To make sure that you have a resume that works in today’s world, here are five tips for writing it in a way that engages your audience.



Before you begin to chop and spice, it’s important to get grounded in what you stand for. It’s called your USP (Unique Selling Proposition).

Ask yourself what you do that no one else does, why, and for whom. Knowing this will help you determine what’s in and what’s out for your resume.

Also, tailor your USP to the position and the industry. Your resume shouldn’t be a one-size-fits-all.



The best marketing copy is, dare I say it, like poetry. Each word packs a punch. Has a reason for being there.

Buzzwords, long-winded sentences, adjectives for the sake of it are like empty calories in your diet.

What’s that – you’re no David Ogilvy or Wallace Stevens? Doesn’t matter. With practice, patience, and the discipline of measuring each word against your USP, you’ll polish your resume like a diamond.



Understand the needs of your potential employer. Then go back to your USP. What is it that you can uniquely provide to satisfy their needs? That, in turn, will help you decide how to position your job history.

It will also help you decide what you should include, and what you should scratch.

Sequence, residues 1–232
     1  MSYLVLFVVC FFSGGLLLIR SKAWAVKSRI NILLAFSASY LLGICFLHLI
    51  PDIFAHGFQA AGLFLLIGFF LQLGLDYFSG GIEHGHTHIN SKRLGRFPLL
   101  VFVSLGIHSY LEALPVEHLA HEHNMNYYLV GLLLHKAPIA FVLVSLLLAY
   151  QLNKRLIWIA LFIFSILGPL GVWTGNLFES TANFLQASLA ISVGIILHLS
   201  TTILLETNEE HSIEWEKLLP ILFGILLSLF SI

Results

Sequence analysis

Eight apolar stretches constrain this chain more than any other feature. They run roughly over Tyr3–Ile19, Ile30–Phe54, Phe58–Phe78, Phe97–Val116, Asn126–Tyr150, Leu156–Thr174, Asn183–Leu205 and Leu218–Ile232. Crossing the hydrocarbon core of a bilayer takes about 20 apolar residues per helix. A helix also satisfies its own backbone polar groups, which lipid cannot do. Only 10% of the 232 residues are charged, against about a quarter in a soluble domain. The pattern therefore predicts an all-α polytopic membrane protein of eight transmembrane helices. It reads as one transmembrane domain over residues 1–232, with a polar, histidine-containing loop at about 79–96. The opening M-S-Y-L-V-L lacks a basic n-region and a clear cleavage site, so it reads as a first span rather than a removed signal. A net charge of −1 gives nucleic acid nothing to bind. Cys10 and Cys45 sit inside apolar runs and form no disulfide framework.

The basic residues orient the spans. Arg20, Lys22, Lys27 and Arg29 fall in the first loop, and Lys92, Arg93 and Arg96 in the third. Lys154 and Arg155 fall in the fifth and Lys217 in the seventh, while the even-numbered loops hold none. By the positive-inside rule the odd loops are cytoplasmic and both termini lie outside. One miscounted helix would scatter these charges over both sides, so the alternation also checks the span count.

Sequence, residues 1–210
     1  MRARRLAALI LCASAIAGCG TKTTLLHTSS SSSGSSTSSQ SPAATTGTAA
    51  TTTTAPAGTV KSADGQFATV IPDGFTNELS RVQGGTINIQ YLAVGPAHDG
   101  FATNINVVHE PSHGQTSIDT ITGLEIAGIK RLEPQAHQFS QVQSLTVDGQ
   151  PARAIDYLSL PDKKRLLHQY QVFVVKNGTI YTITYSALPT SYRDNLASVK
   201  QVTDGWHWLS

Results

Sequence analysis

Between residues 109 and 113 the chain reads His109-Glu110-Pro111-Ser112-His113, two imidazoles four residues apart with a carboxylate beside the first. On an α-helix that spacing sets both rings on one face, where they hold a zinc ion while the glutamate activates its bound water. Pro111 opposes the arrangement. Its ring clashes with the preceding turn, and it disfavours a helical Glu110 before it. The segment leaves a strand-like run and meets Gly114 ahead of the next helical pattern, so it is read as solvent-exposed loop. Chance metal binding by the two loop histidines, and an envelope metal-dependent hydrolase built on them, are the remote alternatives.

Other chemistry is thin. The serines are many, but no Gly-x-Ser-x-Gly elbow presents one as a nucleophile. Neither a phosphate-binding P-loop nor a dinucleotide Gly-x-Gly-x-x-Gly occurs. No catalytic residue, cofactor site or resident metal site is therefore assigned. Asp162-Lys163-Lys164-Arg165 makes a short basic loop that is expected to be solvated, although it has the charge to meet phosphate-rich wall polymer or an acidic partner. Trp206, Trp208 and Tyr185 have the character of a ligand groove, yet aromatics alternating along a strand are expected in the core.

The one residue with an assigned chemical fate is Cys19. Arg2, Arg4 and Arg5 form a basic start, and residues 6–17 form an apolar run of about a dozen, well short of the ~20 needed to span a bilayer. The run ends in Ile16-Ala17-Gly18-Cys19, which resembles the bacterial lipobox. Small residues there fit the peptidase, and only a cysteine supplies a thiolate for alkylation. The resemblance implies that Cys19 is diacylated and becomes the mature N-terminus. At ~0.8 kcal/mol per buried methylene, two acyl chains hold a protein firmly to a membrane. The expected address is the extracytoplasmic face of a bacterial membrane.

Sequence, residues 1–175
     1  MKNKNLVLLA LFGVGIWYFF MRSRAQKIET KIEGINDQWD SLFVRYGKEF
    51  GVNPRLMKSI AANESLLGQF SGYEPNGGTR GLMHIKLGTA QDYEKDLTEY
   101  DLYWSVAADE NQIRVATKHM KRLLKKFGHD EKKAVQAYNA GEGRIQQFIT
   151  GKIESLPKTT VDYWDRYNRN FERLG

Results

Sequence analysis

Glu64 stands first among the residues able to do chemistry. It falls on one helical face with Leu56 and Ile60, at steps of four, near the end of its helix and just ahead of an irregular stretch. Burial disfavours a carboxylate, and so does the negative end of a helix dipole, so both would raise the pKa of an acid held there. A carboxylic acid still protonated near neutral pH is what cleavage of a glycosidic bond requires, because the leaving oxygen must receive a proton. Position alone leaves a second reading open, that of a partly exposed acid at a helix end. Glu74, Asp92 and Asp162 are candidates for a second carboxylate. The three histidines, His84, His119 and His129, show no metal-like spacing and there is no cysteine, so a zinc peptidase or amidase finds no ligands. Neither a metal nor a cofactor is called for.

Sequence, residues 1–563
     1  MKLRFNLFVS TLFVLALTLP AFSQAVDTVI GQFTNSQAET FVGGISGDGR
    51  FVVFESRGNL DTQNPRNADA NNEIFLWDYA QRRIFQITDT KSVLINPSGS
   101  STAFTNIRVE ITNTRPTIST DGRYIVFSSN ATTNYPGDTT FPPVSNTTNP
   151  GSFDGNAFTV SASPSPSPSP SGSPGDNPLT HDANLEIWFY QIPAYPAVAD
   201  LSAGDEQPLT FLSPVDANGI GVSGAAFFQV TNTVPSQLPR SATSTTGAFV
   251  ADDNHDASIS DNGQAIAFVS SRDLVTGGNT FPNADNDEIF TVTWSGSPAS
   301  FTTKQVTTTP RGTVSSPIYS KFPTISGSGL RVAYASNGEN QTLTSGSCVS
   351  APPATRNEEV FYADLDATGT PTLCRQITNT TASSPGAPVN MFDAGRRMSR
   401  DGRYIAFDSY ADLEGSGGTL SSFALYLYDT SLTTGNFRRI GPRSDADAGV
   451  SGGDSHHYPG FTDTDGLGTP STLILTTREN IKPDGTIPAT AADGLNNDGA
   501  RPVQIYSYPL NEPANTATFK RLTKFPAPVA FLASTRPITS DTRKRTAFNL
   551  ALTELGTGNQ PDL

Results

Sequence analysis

Other things to consider: Don’t go too far back with jobs, as it may make you seem too senior (read: old).

Oh, and don’t do anything silly like cutting and pasting your job description into your resume, or use words from the job description you’re interested in. Be unique, because you are.



It’s critical to remember that your resume may never be printed. In fact, it’s most likely to be perused on a smartphone while your millennial recruiter is multitasking.

Think contemporary, clean, easy-on-the-eyes for your design. Put your most important information at the top of the visual hierarchy, and let the rest flow from there.

Again, get some inspiration from startup websites, the slide share section of LinkedIn and even Nancy Duarte’s blog on visual storytelling.



Don’t feel the need to cram everything into your resume. That detail you were dying to add? Put it on your LinkedIn profile. Or better yet, on your personal website.

Like all the great brands around today, yours needs to be disseminated across a number of touch points. Allow each one to tell a different part of your brand story.

Remember, your humble (but soon to be amazing) resume is just one piece of your personal branding pie.


Your career, and the positioning of it, should be a labour of love.

It is, after all, how you spend most of your life. That passion and devotion you have for what you do should shine through in every single word of your resume.

Infuse it with the love of your craft. Poring love into every aspect of your brand will help you make the career connection of your dreams.

Even if your career really did start in a 2,000-watt radio station after the war.